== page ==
Hearing, but not understanding

Q. My family and friends and I have noticed that my hearing has been progressively worse over the past few years. Why can I hear voices loudly enough but still not understand them? It is maddening.

A. You are noticing one of the most common symptoms of hearing loss, ‘mumbled’ voices. And yes, it gets very frustrating for you and them.
For most people, hearing loss means that certain parts of sounds, but not all sounds, become harder to hear. Yet other parts of sounds might still be heard at a normal level.
It is common with hearing loss to have more trouble detecting higher frequency sounds. Some common portions of speech in the higher frequencies are the ‘C’, ‘F’, ‘S’, ‘T’, ‘H’, ‘X’, ‘CH’, ‘SH’, and ‘TH’ sounds. It also becomes much harder to tell the difference between very similar sounds like ‘B’ and ‘D’, between ‘M’ and ‘N’, and between ‘J’ and ‘K’.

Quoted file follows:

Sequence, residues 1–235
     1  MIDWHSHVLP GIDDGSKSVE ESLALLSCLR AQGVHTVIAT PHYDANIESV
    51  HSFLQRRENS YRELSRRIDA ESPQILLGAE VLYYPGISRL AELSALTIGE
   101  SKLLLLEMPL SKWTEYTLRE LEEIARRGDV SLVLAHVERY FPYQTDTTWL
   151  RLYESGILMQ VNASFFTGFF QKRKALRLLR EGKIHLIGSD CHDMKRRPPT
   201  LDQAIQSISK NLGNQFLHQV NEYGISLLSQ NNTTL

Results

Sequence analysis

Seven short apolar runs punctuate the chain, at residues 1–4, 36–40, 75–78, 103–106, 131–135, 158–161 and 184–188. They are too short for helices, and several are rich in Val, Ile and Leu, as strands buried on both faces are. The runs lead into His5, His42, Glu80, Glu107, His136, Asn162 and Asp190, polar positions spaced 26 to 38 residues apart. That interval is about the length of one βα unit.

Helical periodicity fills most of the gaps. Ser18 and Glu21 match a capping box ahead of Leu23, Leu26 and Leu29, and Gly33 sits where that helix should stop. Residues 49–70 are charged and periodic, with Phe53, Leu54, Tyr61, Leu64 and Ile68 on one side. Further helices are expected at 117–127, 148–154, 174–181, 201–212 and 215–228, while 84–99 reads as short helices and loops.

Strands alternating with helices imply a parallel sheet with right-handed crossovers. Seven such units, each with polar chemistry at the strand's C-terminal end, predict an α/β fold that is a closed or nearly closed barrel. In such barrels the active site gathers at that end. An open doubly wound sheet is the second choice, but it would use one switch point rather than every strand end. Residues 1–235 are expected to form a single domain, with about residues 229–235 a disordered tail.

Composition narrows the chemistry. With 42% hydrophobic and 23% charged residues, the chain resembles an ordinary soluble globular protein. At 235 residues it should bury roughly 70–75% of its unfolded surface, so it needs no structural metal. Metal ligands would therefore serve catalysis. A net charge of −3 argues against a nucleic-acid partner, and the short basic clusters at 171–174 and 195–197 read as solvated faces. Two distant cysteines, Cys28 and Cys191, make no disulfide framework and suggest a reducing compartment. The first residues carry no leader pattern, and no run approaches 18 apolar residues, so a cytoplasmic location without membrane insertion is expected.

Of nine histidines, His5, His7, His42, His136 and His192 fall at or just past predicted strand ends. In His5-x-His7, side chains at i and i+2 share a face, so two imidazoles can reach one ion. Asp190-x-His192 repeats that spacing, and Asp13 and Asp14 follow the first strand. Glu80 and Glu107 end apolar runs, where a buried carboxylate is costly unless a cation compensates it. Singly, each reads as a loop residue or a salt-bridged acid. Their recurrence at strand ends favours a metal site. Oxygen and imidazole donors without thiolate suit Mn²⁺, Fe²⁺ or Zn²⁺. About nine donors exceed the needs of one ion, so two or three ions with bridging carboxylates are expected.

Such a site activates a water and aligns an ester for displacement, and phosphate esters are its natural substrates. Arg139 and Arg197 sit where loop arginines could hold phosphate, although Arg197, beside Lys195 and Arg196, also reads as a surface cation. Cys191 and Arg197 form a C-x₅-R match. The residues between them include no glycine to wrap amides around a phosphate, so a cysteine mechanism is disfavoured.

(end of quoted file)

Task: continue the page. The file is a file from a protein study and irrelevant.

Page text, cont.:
If these sounds are more difficult to detect and differentiate, but other parts of speech are easier to hear, the words you are listening to will sound garbled and indistinct. In other words, some words, phrases, and voices will be loud enough to hear, but they will come across sounding mumbled and will be hard to understand.
Call us at the Better Hearing Center of Austin for a thorough, well explained ear and hearing exam. You will also listen to the newest hearing aids at your appointment. We then provide 4-week hearing aid trials with follow-up appointments so you can fully try out hearing aids before making a final purchase.